I think you are misunderstanding the purpose of the motion to dispense with the reading of the minutes.  The purpose of the motion is not to do away with the reading and approval of the minutes by the assembly, but rather to just postpone it until later in the same meeting, perhaps until after the program if there is a guest speaker or some other item of pressing business that should be taken up first.

 

If your intent is to create a committee to approve the minutes, then a motion should be made to do just that:  to appoint a committee to approve the minutes of a particular meeting.  If this is going to be done on a regular basis, you should adopt a rule to that effect.  There can be a standing committee appointed for this purpose.  It is also better to create the committee that will be approving the minutes at the same meeting for which they will be approving the minutes so that they can report at the next meeting that the minutes were approved.  In other words, do it before the meeting is adjourned, not at the following meeting (unless you have a standing committee for approving the minutes).

 

Edited to add:  Earlier in this thread Gary Tesser and others point out the correct use of the motion to dispense with the reading (and approval) of the minutes.

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Guest Secretary, this probably should be posted as a new topic, but it's close enough to the subject of this thread that I'll go with it.

 

That looks to me like a good general rule of thumb for piggybacking posts.

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"Dispense with the Reading of the Minutes" is a term of art in parliamentary law, and just as Mr. Tesser said, it means that the reading of the minutes is delayed. It is comparable to the motion to Lay on the Table. See RONR, 10th ed., pg. 456, line 33 - pg. 457, line 6. While it is correct that when the minutes have been distributed in advance the minutes are not read unless requested, this is not referred to as "dispensing" with the reading of the minutes.

Don't worry, I've made the same mistake myself. smile.gif

[D]o not be afraid to make an occasional mistake either while you are learning or after you become a proficient parliamentarian.  A new member of the House of Commons once asked a senior member, 'How can I learn the rules?' and was promptly told, 'By breaking them.'

Joseph F. O'Brien

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Guest Secretary, this probably should be posted as a new topic, but it's close enough to the subject of this thread that I'll go with it.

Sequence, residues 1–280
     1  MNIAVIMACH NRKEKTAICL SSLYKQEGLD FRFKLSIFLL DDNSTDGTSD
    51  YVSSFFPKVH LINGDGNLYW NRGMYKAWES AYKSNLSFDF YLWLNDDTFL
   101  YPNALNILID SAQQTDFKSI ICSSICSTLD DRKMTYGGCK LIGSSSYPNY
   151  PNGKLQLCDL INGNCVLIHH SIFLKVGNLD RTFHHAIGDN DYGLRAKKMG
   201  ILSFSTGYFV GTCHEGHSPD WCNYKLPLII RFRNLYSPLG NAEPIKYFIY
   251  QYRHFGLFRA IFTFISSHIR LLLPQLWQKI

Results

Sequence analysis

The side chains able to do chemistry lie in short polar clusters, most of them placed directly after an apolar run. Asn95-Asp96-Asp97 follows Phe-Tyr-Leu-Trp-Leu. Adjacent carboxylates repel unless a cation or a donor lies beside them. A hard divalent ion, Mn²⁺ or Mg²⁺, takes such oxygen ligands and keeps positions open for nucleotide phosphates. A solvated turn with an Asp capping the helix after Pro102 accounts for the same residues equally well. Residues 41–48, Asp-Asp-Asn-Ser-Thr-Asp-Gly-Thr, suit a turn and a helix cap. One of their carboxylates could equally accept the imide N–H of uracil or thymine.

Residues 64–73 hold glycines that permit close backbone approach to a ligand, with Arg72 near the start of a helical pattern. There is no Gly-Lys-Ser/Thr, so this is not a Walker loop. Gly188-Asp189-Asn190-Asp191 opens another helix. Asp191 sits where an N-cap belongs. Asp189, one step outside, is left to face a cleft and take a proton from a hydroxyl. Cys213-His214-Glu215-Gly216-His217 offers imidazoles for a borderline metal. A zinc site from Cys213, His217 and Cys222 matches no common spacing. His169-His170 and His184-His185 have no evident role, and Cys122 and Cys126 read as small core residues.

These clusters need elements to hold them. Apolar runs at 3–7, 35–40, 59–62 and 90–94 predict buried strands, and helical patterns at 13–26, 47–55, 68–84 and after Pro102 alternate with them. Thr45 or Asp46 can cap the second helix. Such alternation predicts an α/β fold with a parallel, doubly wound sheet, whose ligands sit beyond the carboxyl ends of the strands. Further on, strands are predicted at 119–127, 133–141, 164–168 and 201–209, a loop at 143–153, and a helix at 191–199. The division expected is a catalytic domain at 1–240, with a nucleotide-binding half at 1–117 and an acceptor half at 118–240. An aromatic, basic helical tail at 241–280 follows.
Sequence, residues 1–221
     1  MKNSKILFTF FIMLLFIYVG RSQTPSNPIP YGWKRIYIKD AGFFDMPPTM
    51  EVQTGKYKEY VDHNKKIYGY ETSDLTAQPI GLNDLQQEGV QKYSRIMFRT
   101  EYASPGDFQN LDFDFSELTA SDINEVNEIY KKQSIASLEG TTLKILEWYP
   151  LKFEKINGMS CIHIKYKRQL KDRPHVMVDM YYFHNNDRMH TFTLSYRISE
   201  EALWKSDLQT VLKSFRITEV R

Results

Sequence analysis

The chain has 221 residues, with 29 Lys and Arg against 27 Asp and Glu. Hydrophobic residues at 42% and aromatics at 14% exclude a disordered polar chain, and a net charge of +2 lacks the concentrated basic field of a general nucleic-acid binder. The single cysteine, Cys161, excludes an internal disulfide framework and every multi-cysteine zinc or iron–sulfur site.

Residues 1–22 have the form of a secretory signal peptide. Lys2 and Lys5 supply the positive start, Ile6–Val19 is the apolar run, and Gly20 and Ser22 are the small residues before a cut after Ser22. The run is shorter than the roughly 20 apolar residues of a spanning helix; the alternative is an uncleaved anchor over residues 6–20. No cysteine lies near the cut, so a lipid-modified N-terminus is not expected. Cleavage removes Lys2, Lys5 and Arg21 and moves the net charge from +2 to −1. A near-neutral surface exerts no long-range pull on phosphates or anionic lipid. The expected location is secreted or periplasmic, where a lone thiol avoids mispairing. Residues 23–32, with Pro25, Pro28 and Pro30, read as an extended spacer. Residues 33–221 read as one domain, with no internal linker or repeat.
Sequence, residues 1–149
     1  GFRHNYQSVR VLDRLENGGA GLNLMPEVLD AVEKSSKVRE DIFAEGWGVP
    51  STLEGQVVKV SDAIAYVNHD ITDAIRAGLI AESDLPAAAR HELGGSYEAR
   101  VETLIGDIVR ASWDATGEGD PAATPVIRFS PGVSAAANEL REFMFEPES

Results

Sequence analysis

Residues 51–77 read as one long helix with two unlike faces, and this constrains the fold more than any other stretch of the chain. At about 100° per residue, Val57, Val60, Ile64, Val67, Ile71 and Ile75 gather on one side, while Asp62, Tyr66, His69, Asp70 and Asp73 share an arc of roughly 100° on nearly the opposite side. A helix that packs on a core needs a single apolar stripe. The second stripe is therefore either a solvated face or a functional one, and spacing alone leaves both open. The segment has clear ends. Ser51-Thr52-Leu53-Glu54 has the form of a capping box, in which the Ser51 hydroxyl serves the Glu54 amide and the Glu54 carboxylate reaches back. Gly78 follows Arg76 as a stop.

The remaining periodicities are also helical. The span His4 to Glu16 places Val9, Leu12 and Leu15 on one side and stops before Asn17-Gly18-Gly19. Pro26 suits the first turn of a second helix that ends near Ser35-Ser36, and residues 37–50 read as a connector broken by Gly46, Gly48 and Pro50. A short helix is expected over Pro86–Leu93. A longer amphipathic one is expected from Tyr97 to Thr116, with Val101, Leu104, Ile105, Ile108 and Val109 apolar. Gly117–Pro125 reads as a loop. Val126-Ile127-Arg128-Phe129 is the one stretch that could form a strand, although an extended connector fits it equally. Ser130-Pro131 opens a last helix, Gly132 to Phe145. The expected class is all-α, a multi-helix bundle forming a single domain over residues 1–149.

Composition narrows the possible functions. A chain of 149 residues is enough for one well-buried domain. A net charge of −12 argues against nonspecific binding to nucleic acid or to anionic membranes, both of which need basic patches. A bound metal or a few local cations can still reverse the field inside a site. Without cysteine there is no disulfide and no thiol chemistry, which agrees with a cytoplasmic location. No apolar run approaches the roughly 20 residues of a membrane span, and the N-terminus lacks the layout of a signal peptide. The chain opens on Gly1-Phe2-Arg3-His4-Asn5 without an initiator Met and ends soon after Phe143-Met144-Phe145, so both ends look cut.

That looks to me like a good general rule of thumb for piggybacking posts.

 

No, it's not. Especially not after five years.

Nah.  I think it's fine regardless of how much time has elapsed.  It fits in perfectly with the thread and shows that guest Secretary had actually been researching his/her question on here and found a thread which seemed to perfectly fit his question.  (I'm gonna stick to he, him and his until told otherwise).  It seems like a perfect follow up.  But, regardless, it hardly seems like anything to get all worked up over.  I'm fine with it being here.  It's as good a fit as I've ever seen and far better than most.  In fact, it's just about a perfect fit.   I've got bigger things to worry about than whether our guest should have started a new thread for this question.

 

FWIW, most similar forums prefer that follow up questions that are related to an existing thread or topic posted in an existing thread rather than starting a new one.  I think we are the odd ones out on this forum for preferring that every new question be posted as a new topic.

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Nah.  I think it's fine regardless of how much time has elapsed.  It fits in perfectly with the thread and shows that guest Secretary had actually been researching his/her question on here and found a thread which seemed to perfectly fit his question.  (I'm gonna stick to he, him and his until told otherwise).  It seems like a perfect follow up.  But, regardless, it hardly seems like anything to get all worked up over.  I'm fine with it being here.  It's as good a fit as I've ever seen and far better than most.  In fact, it's just about a perfect fit.   I've got bigger things to worry about than whether our guest should have started a new thread for this question.

 

FWIW, most similar forums prefer that follow up questions that are related to an existing thread or topic posted in an existing thread rather than starting a new one.  I think we are the odd ones out on this forum for preferring that every new question be posted as a new topic.